Camera and Camcorder
The iPhone 4's 5-megapixel camera continues to impress. We snapped colorful and crisp photos of children playing in the snow, and the shutter speed of Verizon's version is just as pleasingly fast as the AT&T model's. (The sluggishness of other smart phones causes you to miss many photo ops.) A backside illuminated sensor means you'll get much better photos indoors without having to necessarily engage the flash. And the optional HDR feature combines three exposures into one to make sure you get the best shot.
To test the 720p camcorder, we recorded some footage of Manhattan traffic on a rainy morning. The footage looked detailed and smooth, and the iPhone 4 did a better job than most smart phones when moving from darker to lighter areas and then back again. You don't really need a Flip camera with this device at your side.
Music and Video
We don't want to bore you with the obvious, but the iPhone 4 has an iPod inside, and it lets you download music over 3G and TV shows and movies over Wi-Fi. The action flick Red looked fantastic on the iPhone 4's display, but the 3.6GB file took more two hours to download. We wish iTunes had a progressive download feature like Samsung's Media Hub on its Galaxy S phones, which lets you start watching whatever you've downloaded almost immediately.
Apple's social networking service, Ping, continues to feel vacant. It doesn't integrate with Facebook or Twitter, and we're not that interested in following artists.
Apple rates the Verizon iPhone 4 to last 6 hours on a charge when surfing the web over 3G, and 10 hours on Wi-Fi. The rated talk time is 7 hours on 3G and standby time is 300 hours. In the LAPTOP Battery Test, which involves loading websites every 60 seconds on 40-percent brightness, the Verizon iPhone 4 lasted 7 hours and 27 minutes. That's about two hours above the Android smart phone average and longer than the Motorola Droid 2 (7:07). However, the Droid X lasted slightly longer (7:42), as did the Samsung Continuum (7:46). You should have no problem getting through most, if not all, of a full workday when using the Verizon iPhone 4.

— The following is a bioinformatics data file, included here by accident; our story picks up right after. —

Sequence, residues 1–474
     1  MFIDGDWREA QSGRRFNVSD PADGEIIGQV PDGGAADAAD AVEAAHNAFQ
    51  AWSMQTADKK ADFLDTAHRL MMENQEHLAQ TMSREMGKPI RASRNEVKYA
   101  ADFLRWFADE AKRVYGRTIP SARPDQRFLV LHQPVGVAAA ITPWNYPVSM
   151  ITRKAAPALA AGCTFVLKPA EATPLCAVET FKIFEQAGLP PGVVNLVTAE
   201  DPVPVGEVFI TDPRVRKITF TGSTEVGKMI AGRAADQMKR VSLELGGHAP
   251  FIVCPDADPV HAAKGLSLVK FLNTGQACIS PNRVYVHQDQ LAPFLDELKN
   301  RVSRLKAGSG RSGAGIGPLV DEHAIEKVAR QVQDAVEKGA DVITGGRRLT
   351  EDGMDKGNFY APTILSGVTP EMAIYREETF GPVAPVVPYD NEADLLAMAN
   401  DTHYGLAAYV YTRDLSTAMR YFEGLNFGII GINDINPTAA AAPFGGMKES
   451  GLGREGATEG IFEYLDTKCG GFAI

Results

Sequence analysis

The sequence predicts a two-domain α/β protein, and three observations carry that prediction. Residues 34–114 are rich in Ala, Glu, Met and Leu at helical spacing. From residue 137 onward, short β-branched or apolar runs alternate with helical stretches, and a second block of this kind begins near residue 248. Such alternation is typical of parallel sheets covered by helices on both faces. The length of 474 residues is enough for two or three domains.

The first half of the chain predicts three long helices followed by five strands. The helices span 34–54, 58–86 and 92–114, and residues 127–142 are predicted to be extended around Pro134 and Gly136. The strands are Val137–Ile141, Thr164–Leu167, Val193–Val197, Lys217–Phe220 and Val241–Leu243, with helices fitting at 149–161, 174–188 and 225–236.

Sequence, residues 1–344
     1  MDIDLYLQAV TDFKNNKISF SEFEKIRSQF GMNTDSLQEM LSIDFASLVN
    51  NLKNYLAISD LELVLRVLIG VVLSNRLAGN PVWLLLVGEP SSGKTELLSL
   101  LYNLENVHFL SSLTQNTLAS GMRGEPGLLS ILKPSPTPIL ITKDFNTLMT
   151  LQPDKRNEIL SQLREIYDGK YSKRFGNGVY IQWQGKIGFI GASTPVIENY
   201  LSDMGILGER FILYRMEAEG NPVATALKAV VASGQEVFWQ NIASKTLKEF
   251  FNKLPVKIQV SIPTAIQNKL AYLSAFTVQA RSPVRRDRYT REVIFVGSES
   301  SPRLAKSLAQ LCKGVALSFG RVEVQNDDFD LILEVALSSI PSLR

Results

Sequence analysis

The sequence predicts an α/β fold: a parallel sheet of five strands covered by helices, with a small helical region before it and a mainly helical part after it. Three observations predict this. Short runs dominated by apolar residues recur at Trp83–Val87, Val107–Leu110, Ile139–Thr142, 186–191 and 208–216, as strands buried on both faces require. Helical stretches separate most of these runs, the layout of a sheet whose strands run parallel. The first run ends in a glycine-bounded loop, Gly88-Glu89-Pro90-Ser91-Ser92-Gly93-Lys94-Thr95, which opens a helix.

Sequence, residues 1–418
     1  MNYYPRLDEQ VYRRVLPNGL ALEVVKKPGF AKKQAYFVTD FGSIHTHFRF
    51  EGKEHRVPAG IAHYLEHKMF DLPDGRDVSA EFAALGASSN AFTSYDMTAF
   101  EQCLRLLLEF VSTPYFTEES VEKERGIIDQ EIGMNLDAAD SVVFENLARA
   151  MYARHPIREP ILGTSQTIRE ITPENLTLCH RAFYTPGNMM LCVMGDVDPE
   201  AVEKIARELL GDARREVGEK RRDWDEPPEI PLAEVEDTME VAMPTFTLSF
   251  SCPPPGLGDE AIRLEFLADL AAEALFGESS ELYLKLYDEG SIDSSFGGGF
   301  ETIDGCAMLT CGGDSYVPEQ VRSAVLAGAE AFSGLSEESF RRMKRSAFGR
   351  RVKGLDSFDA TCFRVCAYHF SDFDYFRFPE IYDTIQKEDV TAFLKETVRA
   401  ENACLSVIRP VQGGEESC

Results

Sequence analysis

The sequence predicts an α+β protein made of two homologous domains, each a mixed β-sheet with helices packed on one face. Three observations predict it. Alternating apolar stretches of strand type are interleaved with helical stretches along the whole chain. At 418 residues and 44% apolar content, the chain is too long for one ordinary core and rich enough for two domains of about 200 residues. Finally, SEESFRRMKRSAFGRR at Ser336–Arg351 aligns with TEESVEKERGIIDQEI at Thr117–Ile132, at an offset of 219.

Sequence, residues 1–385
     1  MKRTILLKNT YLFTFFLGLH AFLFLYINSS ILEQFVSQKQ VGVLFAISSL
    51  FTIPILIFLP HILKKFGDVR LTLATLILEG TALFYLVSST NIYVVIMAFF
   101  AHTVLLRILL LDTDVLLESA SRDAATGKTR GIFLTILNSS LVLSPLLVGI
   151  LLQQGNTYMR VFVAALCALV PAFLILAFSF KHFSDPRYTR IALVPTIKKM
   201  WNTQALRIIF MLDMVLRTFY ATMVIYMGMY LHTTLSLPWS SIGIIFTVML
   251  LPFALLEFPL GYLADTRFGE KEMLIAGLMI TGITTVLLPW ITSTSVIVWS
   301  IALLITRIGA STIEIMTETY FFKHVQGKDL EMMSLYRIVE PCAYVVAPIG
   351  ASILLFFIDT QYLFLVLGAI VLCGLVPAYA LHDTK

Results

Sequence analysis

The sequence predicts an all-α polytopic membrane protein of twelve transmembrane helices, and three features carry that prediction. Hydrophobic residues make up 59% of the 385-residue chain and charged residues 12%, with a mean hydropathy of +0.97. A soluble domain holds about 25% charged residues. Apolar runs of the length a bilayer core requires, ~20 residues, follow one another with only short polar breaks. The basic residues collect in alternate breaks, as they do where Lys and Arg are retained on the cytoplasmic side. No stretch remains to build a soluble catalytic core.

Verizon is so confident in the superiority of its network that it's willing to offer unlimited data for its version of the iPhone 4 ($199 with two-year contract), compared to 2GB on AT&T. Data on Verizon costs $30 per month, versus $25 per month on AT&T, but the delta is worth it. Both carriers charge $20 for unlimited text messaging.
It was worth the wait. The iPhone 4 on Verizon Wireless delivers the reliable data and voice coverage AT&T has failed to provide, making this device a dependable partner for work and play. Everything we love about Apple's smart phone is enhanced because you don't have to wait to get stuff done or wonder if your call will drop. In cities such as New York you can shop for and download apps, surf the web, start streaming YouTube videos, and a lot more much faster.
Some may prefer the larger screen and unique perks such as HDMI on the Droid X, but the iPhone 4 won't face real competition until 4G phones--such as the HTC Thunderbolt and dual-core Motorola Droid Bionic--start rolling out for Verizon. Others may want to hold out until the summer to see if Apple launches the iPhone 5 for Verizon at the same time as AT&T. Right now, though, the Verizon iPhone 4 is the best choice. When you add up the luxurious design, razor-sharp (if small) display, app selection, ease of use, FaceTime, and top-notch camera and camcorder, this smart phone stands alone.